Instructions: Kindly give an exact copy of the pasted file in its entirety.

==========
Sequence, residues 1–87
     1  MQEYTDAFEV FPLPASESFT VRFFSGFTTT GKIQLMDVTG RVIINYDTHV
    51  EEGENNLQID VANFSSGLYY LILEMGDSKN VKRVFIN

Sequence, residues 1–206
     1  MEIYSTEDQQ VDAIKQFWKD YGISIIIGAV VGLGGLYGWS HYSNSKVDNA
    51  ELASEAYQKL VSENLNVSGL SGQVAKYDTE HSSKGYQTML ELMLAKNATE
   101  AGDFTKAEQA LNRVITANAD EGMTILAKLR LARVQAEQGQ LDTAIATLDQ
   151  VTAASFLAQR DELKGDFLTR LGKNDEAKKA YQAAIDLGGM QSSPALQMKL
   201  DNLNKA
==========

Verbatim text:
Sequence, residues 1–87
     1  MQEYTDAFEV FPLPASESFT VRFFSGFTTT GKIQLMDVTG RVIINYDTHV
    51  EEGENNLQID VANFSSGLYY LILEMGDSKN VKRVFIN

Sequence, residues 1–206
     1  MEIYSTEDQQ VDAIKQFWKD YGISIIIGAV VGLGGLYGWS HYSNSKVDNA
    51  ELASEAYQKL VSENLNVSGL SGQVAKYDTE HSSKGYQTML ELMLAKNATE
   101  AGDFTKAEQA LNRVITANAD EGMTILAKLR LARVQAEQGQ LDTAIATLDQ
   151  VTAASFLAQR DELKGDFLTR LGKNDEAKKA YQAAIDLGGM QSSPALQMKL
   201  DNLNKA